Winnipeg trans father denied leadership by breastfeeding group
Should a breastfeeding father be allowed to become a leader of a motherhood support group?
La Leche League Canada says no.
Transgender parent Trevor MacDonald, who lives in Winnipeg, Manitoba, and also identifies as a gay man, was told by LLLC that he cannot become a group leader of the national advocacy group (which is an affiliate of the international mother-to-mother breastfeeding non-profit organization) because he does not identify as a mother.
MacDonald applied to become a leader but was rejected. MacDonald posted both his request to become a leader as well as the letter of rejection on his blog, Milk Junkies.
MacDonald emphasized that he loves LLLC and that his concern regards their policy.
In fact, he credits LLLC with helping to make breastfeeding possible for him. The stay-at-home dad (who has an honours BA in political science from UBC) transitioned from female to male and then became pregnant. Due to surgery, MacDonald was unable to make all the milk that his son requires. He uses a supplemental nursing system to feed him donated breast milk through a feeding tube. The tube is attached by MacDonald's nipple; the baby latches on to both the tube and the nipple.
In an article published by Out Magazine in April, MacDonald wrote "Breastfeeding is the easiest way for me to comfort my child when he is upset, tired, hurt, or scared. But as a trans man, it also causes awkward moments when I nurse my son in public."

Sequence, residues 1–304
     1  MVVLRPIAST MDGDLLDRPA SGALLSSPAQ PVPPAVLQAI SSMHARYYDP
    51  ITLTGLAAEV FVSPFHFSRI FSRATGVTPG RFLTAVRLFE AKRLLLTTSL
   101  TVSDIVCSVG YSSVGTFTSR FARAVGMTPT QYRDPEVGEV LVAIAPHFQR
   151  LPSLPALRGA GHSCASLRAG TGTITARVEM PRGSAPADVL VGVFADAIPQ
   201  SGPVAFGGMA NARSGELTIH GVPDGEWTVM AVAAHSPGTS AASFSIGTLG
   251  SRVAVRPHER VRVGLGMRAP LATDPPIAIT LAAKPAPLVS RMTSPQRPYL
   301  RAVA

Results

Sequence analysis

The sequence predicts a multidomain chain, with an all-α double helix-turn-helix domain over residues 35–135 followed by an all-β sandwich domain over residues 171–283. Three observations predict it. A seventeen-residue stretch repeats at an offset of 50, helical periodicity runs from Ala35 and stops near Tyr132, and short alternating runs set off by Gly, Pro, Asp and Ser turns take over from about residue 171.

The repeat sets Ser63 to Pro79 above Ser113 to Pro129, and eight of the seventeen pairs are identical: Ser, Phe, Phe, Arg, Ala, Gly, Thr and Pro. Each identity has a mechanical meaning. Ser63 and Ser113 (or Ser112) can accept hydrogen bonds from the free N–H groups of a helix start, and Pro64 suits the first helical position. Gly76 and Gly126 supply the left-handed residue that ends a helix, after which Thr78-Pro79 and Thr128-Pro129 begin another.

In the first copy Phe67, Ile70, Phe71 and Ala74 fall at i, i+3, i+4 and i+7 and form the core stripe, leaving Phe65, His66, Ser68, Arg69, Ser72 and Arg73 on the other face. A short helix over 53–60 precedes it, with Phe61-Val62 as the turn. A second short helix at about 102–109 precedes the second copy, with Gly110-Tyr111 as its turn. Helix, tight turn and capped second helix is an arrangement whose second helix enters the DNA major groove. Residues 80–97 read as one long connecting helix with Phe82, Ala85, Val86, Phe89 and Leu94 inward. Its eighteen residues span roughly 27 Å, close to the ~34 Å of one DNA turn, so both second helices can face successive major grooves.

The LLC representative who wrote the rejection letter quoted an LLLC policy established in 1994 that states that "since an LLLC Leader is a mother who has breastfed a baby, a man cannot become an LLLC Leader".
The representative went on to suggest that MacDonald could still contribute without having to be a leader. "A Leader needs to be able to help all women interested in breastfeeding. Fathers are able to help in other ways, for example an informed LLL father who is supportive of LLL philosophy might present a fathers' meeting."
MacDonald had proposed holding meetings for queer parents (an idea suggested by his local leader). He pointed out that a California man had unsuccessfully attempted to breastfeed his baby, and MacDonald suggested Skype sessions with similar parents could provide support.
However, the LLLC representative discouraged such an idea.
"I think that the group that you envisage would work better not as an LLL Group because its scope is beyond breastfeeding and LLL is concerned specifically with breastfeeding." The LLLC representative added that "what qualifies a Leader to relate to those mothers is her experience of mothering, not her experience of separation."
The LLLC is open to queer members and has accredited a number of lesbian mothers as leaders.
Despite the rejection, MacDonald has created a Facebook group called Birthing and Breastfeeding Transmen and Allies to provide social support and exchange experiences.